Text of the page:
Friday, February 8, 2013
Pro-Lifers can chew gum and walk at the same time. Honestly!The wonderful men, women, and increasing numbers of teenagers involved in the Pro-Life movement witness to the sanctity of human life at all its stages in an amazing diversity of ways.
They rally together to provide a public witness of solidarity with the unborn.
They provide educational opportunities to draw attention to the scandal of hundreds of thousands of unborn children being snuffed out before birth.
They create, support, and volunteer with crisis pregnancy centers to provide services to women in difficult situations to bring their unborn child into the world and then to carry mother and child forward to thrive in our society.
And, yes, some participate in political campaigns of pro-life candidates (of both political parties) at the national and state level. Or they may work with organizations to endorse and support pro-life candidates for elective office. Those who have been in the “political trenches” of this battle well know the challenges, the difficult calls, and the nuances involved when anyone, especially people of faith, turn to the democratic process to promote a particular cause.
Still others focus on the legislative process, at both the national and the state level. They draft, debate, and lobby for legislative initiatives —
* to ensure that those faced with a difficult situation are informed about the options for bringing an unborn child to birth and about the development of the child in the womb,
* to reverse the exclusion of parents from interactions between their pregnant daughters and those affiliated with abortion clinics and the abortion industry,
* to prevent late-term abortions (the modern American form of infanticide), or
* to carve out adequate space in our society for individuals and mediating institutions to uphold their values without being required to follow conflicting government mandates.
And some Pro-Lifers advocate in the courts to uphold legislation that protects unborn life and upholds informed consent. Or they defend the rights of citizens, churches, and organizations to stand up on behalf of life and not be forced to subsidize abortion.
From time to time, someone may lose heart and advise that Pro-Lifers involved with the electoral process, with legislative bodies across the nation, or with the judicial process should surrender that calling and withdraw from the political or the legislative or the legal arena. But, thank God, that’s not going to happen.
Those directly involved in the Pro-Life movement well understand that they cannot in good conscience abandon the field the political and legal field to those who advocate —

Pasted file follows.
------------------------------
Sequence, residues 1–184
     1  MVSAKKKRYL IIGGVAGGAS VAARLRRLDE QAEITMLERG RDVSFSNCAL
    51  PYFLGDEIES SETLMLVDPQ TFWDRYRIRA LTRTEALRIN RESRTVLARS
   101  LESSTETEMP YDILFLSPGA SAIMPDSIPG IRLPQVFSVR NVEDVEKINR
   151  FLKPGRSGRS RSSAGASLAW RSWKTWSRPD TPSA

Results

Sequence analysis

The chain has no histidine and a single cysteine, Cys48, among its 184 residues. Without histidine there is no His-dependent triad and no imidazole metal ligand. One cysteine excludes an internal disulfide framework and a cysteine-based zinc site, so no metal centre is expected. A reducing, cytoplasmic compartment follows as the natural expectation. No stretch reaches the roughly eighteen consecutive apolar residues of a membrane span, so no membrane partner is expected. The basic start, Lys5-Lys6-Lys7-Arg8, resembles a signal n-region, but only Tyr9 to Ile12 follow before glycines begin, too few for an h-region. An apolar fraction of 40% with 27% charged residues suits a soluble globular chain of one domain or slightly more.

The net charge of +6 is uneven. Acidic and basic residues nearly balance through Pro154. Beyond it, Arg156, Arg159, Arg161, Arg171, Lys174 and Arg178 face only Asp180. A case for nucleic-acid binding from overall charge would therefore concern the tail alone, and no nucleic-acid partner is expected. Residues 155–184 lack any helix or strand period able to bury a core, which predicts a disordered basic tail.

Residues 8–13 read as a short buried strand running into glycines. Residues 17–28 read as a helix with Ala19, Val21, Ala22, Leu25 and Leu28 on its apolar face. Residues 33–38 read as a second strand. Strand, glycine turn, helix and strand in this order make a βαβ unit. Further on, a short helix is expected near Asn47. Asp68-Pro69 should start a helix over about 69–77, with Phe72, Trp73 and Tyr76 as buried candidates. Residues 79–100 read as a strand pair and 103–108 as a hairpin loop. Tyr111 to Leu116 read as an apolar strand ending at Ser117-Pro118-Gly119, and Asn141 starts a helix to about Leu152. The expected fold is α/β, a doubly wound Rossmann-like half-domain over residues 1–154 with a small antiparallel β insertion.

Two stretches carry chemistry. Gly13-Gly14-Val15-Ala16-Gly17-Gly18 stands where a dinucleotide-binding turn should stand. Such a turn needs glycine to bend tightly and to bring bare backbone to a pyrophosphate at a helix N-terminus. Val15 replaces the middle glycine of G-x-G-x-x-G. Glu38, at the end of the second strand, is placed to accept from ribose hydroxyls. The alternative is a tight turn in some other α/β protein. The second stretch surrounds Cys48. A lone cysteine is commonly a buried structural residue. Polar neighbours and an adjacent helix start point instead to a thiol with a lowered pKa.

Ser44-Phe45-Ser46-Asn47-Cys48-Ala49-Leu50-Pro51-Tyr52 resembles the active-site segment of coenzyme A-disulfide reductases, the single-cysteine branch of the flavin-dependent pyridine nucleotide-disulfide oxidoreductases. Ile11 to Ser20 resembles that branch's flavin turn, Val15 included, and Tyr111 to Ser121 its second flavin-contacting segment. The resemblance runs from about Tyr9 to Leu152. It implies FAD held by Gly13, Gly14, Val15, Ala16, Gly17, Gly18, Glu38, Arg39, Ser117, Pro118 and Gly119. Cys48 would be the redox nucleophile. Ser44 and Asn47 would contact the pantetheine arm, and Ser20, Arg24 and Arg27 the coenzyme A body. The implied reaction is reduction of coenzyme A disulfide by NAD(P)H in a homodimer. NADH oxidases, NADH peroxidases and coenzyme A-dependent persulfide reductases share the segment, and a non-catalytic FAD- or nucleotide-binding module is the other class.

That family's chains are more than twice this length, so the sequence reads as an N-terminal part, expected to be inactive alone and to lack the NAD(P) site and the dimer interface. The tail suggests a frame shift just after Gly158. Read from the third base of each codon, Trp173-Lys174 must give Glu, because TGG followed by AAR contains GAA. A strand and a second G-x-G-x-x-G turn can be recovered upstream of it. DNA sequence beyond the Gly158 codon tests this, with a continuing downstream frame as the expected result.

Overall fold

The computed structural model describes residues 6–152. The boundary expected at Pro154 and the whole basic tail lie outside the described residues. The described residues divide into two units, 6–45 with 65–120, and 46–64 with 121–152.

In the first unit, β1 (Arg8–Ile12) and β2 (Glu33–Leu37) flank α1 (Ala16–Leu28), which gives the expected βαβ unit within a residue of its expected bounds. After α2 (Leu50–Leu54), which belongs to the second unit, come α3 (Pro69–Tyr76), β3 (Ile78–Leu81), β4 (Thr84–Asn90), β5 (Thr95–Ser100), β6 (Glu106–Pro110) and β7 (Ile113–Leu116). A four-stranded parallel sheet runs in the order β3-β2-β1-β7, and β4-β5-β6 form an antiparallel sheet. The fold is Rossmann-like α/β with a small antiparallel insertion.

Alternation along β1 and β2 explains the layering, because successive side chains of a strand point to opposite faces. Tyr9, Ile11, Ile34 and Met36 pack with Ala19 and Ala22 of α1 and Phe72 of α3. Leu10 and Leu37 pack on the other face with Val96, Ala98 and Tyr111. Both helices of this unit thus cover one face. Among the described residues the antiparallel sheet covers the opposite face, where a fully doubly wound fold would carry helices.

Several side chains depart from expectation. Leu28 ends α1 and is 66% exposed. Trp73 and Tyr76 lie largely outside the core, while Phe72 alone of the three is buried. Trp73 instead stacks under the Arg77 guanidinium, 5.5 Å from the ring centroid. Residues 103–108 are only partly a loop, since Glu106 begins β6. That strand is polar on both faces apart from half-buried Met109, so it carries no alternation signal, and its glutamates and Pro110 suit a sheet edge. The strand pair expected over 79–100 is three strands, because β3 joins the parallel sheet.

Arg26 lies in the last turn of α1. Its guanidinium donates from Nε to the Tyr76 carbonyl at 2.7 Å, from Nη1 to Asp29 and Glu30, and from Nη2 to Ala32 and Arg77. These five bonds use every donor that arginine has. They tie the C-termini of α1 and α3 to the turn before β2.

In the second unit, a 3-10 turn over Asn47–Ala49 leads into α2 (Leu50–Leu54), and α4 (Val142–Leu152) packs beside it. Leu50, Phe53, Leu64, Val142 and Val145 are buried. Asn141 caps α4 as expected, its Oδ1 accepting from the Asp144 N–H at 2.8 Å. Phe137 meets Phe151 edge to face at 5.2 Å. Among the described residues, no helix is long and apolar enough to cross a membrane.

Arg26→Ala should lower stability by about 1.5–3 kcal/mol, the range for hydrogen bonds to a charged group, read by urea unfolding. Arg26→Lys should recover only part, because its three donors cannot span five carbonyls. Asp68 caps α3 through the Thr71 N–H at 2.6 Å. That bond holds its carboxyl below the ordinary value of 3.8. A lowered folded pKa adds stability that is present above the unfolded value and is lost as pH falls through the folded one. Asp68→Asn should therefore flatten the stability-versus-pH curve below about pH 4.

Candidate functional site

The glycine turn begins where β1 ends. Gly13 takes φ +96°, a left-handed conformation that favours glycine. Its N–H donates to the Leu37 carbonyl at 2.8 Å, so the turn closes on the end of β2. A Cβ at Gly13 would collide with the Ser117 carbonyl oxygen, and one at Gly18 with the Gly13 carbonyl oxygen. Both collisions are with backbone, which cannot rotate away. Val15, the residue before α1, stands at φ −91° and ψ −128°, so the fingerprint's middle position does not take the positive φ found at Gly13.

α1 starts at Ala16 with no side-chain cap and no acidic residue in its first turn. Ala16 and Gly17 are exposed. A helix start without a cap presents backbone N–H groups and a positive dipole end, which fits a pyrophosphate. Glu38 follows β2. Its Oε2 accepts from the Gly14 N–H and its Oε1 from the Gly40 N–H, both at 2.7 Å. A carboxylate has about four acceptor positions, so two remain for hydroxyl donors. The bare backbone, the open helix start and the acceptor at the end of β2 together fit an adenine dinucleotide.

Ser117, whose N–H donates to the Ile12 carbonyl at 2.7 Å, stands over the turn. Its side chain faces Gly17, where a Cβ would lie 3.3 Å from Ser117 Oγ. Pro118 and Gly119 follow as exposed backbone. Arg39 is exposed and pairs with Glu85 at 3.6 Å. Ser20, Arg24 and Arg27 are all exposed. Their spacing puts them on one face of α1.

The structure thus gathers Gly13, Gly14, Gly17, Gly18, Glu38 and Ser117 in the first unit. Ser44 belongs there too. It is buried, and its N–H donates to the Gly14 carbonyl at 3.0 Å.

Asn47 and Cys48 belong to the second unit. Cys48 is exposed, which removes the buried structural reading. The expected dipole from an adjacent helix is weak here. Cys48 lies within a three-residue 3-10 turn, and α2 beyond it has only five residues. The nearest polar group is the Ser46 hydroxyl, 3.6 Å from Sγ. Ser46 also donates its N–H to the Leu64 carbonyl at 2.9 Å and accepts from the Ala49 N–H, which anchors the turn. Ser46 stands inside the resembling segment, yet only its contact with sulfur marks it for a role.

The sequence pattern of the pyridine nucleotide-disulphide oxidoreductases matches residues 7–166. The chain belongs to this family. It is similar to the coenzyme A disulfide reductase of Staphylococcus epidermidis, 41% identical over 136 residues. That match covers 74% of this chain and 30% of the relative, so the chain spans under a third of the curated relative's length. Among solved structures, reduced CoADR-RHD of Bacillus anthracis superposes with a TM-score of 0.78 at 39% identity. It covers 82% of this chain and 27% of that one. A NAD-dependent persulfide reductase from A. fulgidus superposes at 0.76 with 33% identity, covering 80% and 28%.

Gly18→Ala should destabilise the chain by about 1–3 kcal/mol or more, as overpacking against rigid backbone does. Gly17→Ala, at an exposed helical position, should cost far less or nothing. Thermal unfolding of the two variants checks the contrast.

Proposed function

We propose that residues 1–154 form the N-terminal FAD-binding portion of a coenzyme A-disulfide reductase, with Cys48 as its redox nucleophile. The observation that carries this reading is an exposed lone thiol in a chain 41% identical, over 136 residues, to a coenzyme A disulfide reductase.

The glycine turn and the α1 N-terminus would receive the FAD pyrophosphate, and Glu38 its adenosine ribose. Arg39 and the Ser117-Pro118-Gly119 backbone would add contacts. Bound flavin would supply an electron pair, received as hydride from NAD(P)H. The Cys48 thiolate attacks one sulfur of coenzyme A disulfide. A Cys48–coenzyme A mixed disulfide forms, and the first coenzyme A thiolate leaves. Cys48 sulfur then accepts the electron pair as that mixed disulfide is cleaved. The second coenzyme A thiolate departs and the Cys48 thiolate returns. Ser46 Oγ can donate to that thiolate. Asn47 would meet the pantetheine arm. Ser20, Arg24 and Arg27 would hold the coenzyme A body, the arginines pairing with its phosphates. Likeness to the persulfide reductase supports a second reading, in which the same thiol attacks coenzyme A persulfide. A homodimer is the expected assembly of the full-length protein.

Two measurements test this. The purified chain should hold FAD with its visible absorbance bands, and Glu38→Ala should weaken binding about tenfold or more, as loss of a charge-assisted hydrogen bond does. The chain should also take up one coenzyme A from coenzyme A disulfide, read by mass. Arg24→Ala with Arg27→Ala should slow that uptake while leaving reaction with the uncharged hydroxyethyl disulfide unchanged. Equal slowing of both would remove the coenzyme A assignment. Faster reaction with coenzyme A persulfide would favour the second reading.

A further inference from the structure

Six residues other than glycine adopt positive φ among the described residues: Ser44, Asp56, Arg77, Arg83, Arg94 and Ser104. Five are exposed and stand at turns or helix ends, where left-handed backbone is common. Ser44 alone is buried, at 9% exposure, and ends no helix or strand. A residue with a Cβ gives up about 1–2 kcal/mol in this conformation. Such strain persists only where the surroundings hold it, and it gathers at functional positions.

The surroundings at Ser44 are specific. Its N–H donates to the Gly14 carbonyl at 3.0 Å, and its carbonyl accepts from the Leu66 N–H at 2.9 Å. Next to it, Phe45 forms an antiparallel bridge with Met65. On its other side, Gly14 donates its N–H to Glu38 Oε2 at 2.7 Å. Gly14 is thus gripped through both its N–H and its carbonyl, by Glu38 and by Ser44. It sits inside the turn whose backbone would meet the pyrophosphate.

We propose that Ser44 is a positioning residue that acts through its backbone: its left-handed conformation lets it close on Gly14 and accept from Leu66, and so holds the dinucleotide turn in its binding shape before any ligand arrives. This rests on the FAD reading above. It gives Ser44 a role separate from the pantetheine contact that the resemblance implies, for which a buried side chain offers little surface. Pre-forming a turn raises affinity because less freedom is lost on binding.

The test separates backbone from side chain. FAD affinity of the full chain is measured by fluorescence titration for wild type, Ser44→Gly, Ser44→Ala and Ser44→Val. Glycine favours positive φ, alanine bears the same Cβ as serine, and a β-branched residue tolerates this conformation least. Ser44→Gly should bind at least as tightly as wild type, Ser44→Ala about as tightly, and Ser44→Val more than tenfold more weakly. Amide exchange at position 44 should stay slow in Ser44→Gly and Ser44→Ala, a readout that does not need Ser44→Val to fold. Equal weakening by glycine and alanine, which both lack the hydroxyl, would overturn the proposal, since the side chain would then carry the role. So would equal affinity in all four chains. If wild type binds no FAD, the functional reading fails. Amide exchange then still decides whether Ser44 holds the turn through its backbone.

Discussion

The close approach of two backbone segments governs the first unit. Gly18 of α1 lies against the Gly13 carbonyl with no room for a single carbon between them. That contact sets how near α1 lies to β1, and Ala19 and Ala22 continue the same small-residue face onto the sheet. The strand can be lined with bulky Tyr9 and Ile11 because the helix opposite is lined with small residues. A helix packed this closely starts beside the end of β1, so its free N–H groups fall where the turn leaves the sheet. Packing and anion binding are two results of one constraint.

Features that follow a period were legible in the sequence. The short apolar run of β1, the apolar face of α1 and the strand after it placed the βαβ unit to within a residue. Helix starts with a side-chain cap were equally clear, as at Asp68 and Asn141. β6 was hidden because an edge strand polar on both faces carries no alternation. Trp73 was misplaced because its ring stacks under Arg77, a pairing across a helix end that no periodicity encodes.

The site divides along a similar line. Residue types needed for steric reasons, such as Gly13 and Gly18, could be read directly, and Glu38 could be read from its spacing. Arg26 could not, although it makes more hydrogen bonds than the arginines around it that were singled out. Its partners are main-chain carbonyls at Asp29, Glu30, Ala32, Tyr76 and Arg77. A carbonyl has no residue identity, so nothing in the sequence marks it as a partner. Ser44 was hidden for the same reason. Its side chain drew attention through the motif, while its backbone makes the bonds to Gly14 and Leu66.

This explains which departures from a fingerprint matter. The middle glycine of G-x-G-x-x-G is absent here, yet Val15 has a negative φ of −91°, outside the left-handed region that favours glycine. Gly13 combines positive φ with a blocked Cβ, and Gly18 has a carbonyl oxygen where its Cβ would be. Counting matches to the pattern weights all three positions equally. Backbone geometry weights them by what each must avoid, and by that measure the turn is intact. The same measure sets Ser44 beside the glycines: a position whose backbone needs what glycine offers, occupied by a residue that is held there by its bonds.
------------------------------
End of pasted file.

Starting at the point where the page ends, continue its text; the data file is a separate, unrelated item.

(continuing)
* public funding of abortions,
* removal of all restrictions on even late-term abortions,
* requiring even Catholic medical schools to provide instruction in performing abortions as a condition of accreditation,
* demanding that even Catholic hospitals open facilities to performing abortions as a condition of state or local approval, and
* demanding that religious-based institutions offer abortion pills through their insurance coverage of employees.
Some of these frightening proposals are being pursued aggressively right now by "Reproductive Rights" advocates, although Pro-Life lawyers, officials, and activists through tireless efforts hold back the tide (to a greater or lesser extent). Some of these options may seem unlikely, but the abortion industry and its supporters are pressing hard at every turn, laying the foundation for these initiatives, and would gladly fill the policy vacuum if Pro-Lifers deserted their posts.
Importantly, these legal, legislative, or political efforts hardly come at the expense of the Pro-Life movement’s consistent witness to the culture, educational efforts to respect human life, and volunteer work with pro-life charitable organizations could have displayed a rich tapestry of changing hearts and transformed lives. Pro-Lifers can multi-task.
In our own St. Paul-Minneapolis archdiocese, the “Respect Life Outreach works to promote respect for human life from conception to natural death, to bring about a conversion of heart and mind to be open to God’s special gift of life.” Through this and related programs in the Catholic community in the Twin Cities, there is a vibrant Pro-Life effort, reaching out to and involving young people, especially in the Catholic high schools, who in turn are spending time working with those in need in crisis pregnancy centers and elsewhere. Public policy advocacy is but a small part of that overall effort — and none of it involves political election campaigning.
In sum, our colleagues in law schools and the legal profession, our students, our families, and our friends who give sacrificially of their time, energy, talents, and money to advance the cause of human life have wonderful and inspiring stories to tell us of legal obstacles to protection of life being brought down, both hearts and minds being changed, people served with compassion, and unborn lives saved — through the work of every sector of a multi-dimensional movement.
Those who have given their hearts to the Pro-Life movement reflect the great strength and diversity — both in political perspectives and operational mission — within that movement. Take the time today to thank someone you know who is working tirelessly in this mission for life.